Global Weekly: Earnings season starts up

News item -

Over the past week, equity markets performance was mixed. Although underlying fundamentals are generally encouraging, geopolitical tensions with regards to trade tariffs are still lurking in the background. The second-quarter earnings season is now underway, which offers investors the opportunity to see how companies are doing and where earnings and expectations around earnings are heading. Although it is still early days for the earnings season, it appears that the US is again off to a good start, whereas Europe, so far, is mixed.

The market is anticipating that the US will show a materially higher earnings growth rate than Europe. For the US, the market has pencilled-in close to 20% earnings-per-share (EPS) growth, while expectations for Europe is 'only' around 9%. US earnings momentum is partly helped by the tax relief effects that have been implemented by the Trump administration. Excluding these effects, the EPS growth rate would be around 10%.

The European growth rate, on the other hand, is helped by a strong revival in energy earnings. When adjusted for that impact, the underlying growth rate in Europe would be around 5%. In other words, the US is anticipated to show double the growth rate of Europe. This is obviously partly reflecting the higher US economic growth, which is one of the reasons that we currently favour US over European stocks.

On a company level, the results from US banks where the first eye-catchers, as were IBM and ASML. Based on IBM and ASML, one could conclude that momentum in the technology sector is still going strong, with solid results coming in. Results for US banks have so far shown that the sector is on solid footing, but momentum is gradually easing. This resulted in a mixed reception to the results. In general, we believe that the next few weeks will be decisive for market direction. Company results and the guidance they provide will be heavily scrutinised.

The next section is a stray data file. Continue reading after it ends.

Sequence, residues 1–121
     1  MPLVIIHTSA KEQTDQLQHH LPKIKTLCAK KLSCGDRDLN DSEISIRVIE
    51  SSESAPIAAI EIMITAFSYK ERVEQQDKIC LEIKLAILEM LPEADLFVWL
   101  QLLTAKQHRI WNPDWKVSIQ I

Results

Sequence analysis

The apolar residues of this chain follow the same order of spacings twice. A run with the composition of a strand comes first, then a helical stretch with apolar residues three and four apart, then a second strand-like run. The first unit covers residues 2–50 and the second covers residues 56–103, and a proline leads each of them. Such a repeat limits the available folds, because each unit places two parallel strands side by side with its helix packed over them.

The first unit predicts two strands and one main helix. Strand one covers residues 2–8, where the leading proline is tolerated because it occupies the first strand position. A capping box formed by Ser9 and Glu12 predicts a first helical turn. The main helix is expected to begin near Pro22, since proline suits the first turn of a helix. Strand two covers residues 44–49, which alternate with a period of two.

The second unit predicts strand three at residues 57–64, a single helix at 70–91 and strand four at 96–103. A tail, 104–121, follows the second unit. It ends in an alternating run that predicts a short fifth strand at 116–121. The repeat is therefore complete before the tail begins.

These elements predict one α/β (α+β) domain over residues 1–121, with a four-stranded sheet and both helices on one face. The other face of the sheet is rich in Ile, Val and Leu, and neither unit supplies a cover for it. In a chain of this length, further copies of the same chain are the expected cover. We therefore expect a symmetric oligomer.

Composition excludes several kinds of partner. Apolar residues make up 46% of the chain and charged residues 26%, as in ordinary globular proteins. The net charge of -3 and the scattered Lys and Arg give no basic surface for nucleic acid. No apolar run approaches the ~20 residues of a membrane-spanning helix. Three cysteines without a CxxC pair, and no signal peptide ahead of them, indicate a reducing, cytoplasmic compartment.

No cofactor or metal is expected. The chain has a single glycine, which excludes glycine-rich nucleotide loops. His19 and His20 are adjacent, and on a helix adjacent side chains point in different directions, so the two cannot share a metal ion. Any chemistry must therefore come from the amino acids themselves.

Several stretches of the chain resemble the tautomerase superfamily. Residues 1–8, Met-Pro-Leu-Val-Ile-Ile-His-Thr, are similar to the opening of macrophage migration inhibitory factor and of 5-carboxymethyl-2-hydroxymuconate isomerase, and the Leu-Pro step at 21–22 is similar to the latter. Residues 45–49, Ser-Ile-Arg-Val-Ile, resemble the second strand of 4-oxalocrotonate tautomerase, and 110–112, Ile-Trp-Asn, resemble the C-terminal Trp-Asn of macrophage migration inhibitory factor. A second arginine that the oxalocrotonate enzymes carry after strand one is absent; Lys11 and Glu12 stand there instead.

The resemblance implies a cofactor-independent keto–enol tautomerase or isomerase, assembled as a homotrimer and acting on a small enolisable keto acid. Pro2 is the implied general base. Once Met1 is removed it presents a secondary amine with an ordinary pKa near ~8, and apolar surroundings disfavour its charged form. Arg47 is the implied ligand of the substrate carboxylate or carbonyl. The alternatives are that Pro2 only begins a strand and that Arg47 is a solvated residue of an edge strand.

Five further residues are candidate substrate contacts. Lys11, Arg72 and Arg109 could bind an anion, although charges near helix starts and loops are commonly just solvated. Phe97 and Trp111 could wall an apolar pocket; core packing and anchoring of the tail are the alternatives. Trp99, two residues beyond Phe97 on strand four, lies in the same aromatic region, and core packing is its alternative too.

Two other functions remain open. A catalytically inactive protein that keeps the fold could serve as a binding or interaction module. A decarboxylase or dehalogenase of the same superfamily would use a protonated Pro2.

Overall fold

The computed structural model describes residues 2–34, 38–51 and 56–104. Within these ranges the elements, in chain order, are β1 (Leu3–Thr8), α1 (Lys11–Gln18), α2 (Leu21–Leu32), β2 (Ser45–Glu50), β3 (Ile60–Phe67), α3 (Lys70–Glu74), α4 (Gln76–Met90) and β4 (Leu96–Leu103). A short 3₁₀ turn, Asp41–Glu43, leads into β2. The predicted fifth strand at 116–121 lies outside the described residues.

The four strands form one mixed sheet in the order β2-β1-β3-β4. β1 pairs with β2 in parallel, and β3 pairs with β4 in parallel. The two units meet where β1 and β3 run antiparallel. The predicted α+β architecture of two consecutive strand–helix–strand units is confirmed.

German Bund yields remain anchored

During the week, in contrast to the rest of the month, there was a positive net offering in the primary market for European government bonds. There were new issuance from Germany, Spain and France totalling around EUR 17 billion. Given a rising volume of maturities ahead, net supply should turn negative again soon. It is expected that the European Central Bank will reinvest these backflows from its bond portfolio, which will create some demand during the traditionally less liquid summer period.

Disappointing European core inflation data released on Wednesday further diminished the market’s interest rate hike and inflation expectations, thereby limiting the threat of rising yields as well. The escalation of the trade dispute as well as concerns about the Italian political situation, which choked risk appetite during the first half of the year, are still influencing investors. Risk premiums in the eurozone periphery, emerging markets and corporate bonds are still high compared to the start of the year, even though some relief was seen since the end of June. As long as political risks remain, demand for quality will likely remain robust.

On the other hand, Bund yields are still trading at comparably low levels and the potential for another rally seems unlikely. During the last 18 months, yields could not remain below 30 basis points. Consequently, Bund yields will likely remain in a tight yield range.

Delen